WHO: Ebola serum available in West Africa within weeks WHO "내년 1월부터 서아프리카

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The World Health Organization says a series of new Ebola treatments will soon be sent to West Africa… as the death toll from the disease continues to rise.
With more, we turn to Paul Yi at the News Center.
Paul, the UN agency on Tuesday,… laid out a new battle plan in the fight against Ebola.
It says vaccine trials may begin in the worst-hit countries across West Africa as early as January.
That′s right.
The plan first involves supplying a special serum, made from the antibodies of surviving Ebola patients within the next few weeks.
Then a batch of experimental vaccines will hit the continent next year,… for what officials are calling “real-world” testing.
Our Connie Lee has the details.
A serum… made from the blood of patients who have recovered from Ebola could be available in Africa… within weeks.
According to the World Health Organization… the serum, which would contain Ebola antibodies, would first be sent to Liberia one of the worst-hit nations- to treat new victims of the virus.
Marie Paul Kieny of the WHO also said that a VACCINE could be ready by this January… to combat the outbreak that has already killed more than 45-hundred people.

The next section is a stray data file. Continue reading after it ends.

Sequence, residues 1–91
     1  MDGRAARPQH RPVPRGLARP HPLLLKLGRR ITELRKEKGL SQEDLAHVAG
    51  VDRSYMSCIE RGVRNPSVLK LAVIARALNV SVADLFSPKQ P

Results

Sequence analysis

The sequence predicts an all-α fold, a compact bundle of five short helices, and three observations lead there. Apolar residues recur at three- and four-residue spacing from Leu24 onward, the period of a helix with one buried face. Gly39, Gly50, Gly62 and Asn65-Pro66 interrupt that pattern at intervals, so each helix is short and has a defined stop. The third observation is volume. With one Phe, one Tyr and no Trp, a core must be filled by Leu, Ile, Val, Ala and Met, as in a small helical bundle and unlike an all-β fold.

This hopeful news comes amid some new restrictions in the United States.
The U.S. government announced Tuesday that… starting Wednesday… travelers to the U.S. coming from the nations of Guinea, Liberia and Sierra Leone… must fly into one of five designated airports in the cities of Chicago, Atlanta, Washington, Newark, New Jersey and New York City.
All travelers, even U.S. citizens, who have spent time in any of the Ebola-stricken nations will go through an enhanced screening process for the virus.
People in the U.S. seem pleased about the new restrictions.
“I think that sounds like a good idea, because for those five designated airports, they can certainly set up the proper medical facilities…”
“That′s how you control it. Those are the people coming in. You know where they′re coming from…”
So far, three people have been diagnosed with Ebola on U.S. soil, two of them health care workers.
Connie Lee, Arirang News.

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